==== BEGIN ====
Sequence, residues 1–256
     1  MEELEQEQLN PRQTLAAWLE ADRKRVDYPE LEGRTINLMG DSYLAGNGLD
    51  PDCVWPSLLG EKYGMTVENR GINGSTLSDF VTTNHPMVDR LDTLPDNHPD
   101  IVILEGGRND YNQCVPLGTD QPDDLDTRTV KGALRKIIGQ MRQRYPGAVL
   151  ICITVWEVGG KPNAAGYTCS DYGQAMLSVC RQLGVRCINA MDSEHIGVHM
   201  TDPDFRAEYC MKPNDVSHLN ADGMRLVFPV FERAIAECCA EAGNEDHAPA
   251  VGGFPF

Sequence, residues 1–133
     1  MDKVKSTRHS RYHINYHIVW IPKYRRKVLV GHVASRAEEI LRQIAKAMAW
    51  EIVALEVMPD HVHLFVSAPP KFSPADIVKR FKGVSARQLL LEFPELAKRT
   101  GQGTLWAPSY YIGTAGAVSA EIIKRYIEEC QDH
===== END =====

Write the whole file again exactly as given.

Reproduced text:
Sequence, residues 1–256
     1  MEELEQEQLN PRQTLAAWLE ADRKRVDYPE LEGRTINLMG DSYLAGNGLD
    51  PDCVWPSLLG EKYGMTVENR GINGSTLSDF VTTNHPMVDR LDTLPDNHPD
   101  IVILEGGRND YNQCVPLGTD QPDDLDTRTV KGALRKIIGQ MRQRYPGAVL
   151  ICITVWEVGG KPNAAGYTCS DYGQAMLSVC RQLGVRCINA MDSEHIGVHM
   201  TDPDFRAEYC MKPNDVSHLN ADGMRLVFPV FERAIAECCA EAGNEDHAPA
   251  VGGFPF

Sequence, residues 1–133
     1  MDKVKSTRHS RYHINYHIVW IPKYRRKVLV GHVASRAEEI LRQIAKAMAW
    51  EIVALEVMPD HVHLFVSAPP KFSPADIVKR FKGVSARQLL LEFPELAKRT
   101  GQGTLWAPSY YIGTAGAVSA EIIKRYIEEC QDH